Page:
8. 8. Cronbach’s a coefficient for the measure of “employee-perceived service quality” Effectswas 0.78. of emotional 3.3.3 Role conflict. The measure suggested by Rizzo et al. (1970) was used to assess“role conflict”. The questionnaire asked employees to indicate their perceived role satisfactionconflict at work on a seven-point Likert-type scale. Items assessed in this way included: . I receive assignments without adequate resources to complete them. 377 . I receive incompatible requests from two or more people. . I have to disobey a rule or policy to carry out some assignments.Cronbach’s a coefficient of reliability for this measure was 0.87. 3.3.4 Role ambiguity. This study assessed “role ambiguity” by using a three-itemscale (Rizzo et al., 1970). On a seven-point Likert-type scale, ranging from 1 – stronglydisagree to 7 – strongly agree, employees were asked to indicate their perceived roleambiguity with respect to the following items: (1) I have clear, planned goals and objects for my job. (2) I know what my responsibilities are. (3) I know exactly what is expected of me.Cronbach’s a for this measure was 0.62. 3.3.5 Role overload. Two measures for “role overload” were developed specificallyfor the present study: (1) Quantitative dimension of role overload. “Even if I work hard, I often don’t manage to do all the work I am expected to do.” (2) Qualitative dimension of role overload. “I often have to ask one of my colleagues for help because I don’t know exactly how to perform the work task.”Cronbach’s a for these two measures was 0.89. 3.3.6 Work-family conflict. For the construct of “work-family conflict”, thequestionnaire asked employees to indicate on a seven-point Likert-type scale, rangingfrom 1 – strongly disagree to 7 – strongly agree, to what degree work was in conflictwith family and personal relationships outside work. The wording of the item was asfollows: . Generally, I find it easy to combine my private life (time for family, friends, etc.) with my work.3.4 Results and analysis3.4.1 Preliminary statistical analyses. Table I shows the descriptive statistics, means,standard deviations, and correlations for all constructs. Before performing regressionanalyses to test the proposed hypotheses, this study checked all items and scales fornormality. There were tests for convergent and divergent validity by maximumlikelihood extraction and direct oblimin rotation for all measures (except for “roleoverload” and “work-family conflict”). There were, furthermore, tests for the convergentproperties of the formative construct of “role overload” by principal componentextraction and varimax rotation. The results showed satisfactory convergent properties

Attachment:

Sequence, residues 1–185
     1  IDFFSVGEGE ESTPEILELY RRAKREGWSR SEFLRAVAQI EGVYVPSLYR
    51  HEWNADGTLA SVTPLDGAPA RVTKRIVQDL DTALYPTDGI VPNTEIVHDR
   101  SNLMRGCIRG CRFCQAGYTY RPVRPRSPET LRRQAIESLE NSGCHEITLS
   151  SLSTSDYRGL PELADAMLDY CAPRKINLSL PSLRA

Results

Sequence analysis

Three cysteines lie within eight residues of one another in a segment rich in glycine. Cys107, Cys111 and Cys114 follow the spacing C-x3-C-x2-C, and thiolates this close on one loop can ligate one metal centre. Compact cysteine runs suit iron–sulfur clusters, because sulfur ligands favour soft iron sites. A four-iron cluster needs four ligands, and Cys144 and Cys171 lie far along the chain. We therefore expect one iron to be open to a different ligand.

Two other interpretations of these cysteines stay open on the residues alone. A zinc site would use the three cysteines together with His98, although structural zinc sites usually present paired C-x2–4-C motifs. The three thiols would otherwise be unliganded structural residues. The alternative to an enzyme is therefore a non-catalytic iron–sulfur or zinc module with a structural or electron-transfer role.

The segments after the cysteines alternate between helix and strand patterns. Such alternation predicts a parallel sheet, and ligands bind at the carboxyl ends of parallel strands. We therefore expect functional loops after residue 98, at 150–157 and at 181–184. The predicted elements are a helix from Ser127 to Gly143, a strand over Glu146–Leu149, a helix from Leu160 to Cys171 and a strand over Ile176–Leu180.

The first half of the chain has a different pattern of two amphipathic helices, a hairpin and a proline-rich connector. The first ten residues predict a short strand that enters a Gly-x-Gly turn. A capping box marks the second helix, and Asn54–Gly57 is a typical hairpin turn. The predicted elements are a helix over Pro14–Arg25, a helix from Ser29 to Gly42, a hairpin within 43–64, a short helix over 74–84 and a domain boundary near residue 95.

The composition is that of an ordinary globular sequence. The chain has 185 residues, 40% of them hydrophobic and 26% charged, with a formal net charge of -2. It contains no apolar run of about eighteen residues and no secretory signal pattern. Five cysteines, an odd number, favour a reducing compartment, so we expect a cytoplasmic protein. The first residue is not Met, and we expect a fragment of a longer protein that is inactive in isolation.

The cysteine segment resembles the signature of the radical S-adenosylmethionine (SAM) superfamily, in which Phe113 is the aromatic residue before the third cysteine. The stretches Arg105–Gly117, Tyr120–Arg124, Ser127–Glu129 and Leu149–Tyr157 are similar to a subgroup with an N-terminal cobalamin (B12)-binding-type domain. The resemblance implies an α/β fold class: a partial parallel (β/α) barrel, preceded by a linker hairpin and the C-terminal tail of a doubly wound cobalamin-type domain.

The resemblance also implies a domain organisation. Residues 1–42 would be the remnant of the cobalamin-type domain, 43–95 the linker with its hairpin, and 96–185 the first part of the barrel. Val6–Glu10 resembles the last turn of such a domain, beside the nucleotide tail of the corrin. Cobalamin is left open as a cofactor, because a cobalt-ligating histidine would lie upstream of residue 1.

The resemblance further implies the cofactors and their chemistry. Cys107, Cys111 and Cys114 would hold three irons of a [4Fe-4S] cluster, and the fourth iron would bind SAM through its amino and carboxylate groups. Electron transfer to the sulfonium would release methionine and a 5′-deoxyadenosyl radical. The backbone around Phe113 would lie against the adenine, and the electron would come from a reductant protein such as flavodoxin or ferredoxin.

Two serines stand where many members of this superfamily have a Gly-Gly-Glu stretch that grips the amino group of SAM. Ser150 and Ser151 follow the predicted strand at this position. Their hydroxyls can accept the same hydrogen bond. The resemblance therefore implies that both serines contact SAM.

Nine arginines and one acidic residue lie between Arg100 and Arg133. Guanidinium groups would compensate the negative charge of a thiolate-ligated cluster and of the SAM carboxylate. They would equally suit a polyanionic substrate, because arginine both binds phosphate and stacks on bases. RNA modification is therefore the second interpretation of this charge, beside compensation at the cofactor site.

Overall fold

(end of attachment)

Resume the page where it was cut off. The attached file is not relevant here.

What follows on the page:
9. 9. MSQ for all constructs used in the study. Tests for discriminant validity showed that all items18,4 on all constructs had satisfactory validity. 3.4.2 Regression analyses. In the first regression analysis, the dependent variable “employee-perceived service quality” was regressed against the independent variable “emotional satisfaction”. In the second regression, “emotional satisfaction” was the dependent variable and “role conflict”, “role ambiguity”, “role overload”, and378 “work-family conflict” were the independent variables. The results are shown in Table II. As can be seen in the table, the construct of “emotional satisfaction” had a positive effect on “employee-perceived service quality”. The constructs of “role conflict”, “role overload”, and “work-family conflict” were all negatively related to “emotional satisfaction”. However, “role ambiguity” had no significant effect on “emotional satisfaction”. This study has, therefore, found support for all the hypothesised relationships, apart from H3 (which postulated a relationship between “role ambiguity” and “emotional satisfaction”). 4. Discussion 4.1 Antecedents to emotional satisfaction Three of the four independent variables (“role conflict”, “role overload”, and “work-family conflict”) had a direct effect on “emotional satisfaction”, which then Construct Min Max Mean SD a SQ ES RC RA RO WFC Perceived service quality 1 7 5.14 1.5 0.78 1.00 Emotional satisfaction 1 7 4.78 1.3 0.80 0.318 * 1.00 Role conflict 1 7 3.51 0.5 0.87 20.131 2 0.461 * 1.00 Role Ambiguity 1 7 5.71 0.7 0.62 0.145 2 0.251 * 0.151 1.00Table I. Role overload 1 7 2.90 1.2 0.89 20.321 * 2 0.638 * 0.488 0.409 * 1.00Descriptive statistics, Work-family 1 7 3.55 1.5 a 20.117 2 0.417 * 0.076 0.259 * 0.374 * 1.00means, standard conflictdeviations andcorrelations Notes: *Correlation is significant at the 0.01 level (two-tailed); aonly one item for this construct Standardized b coefficients Sig. Direct antecedent to service quality H1. Emotional satisfaction 0.318 0.000 Adjusted R 2 0.101 Indirect antecedent to service quality H2. Role conflict 2 0.236 0.003 H3. Role ambiguity 2 0.045 0.560Table II. H4. Role overload 2 0.431 0.000Results of testing H5. Work-family conflict 2 0.210 0.007proposed research model Adjusted R 2 0.424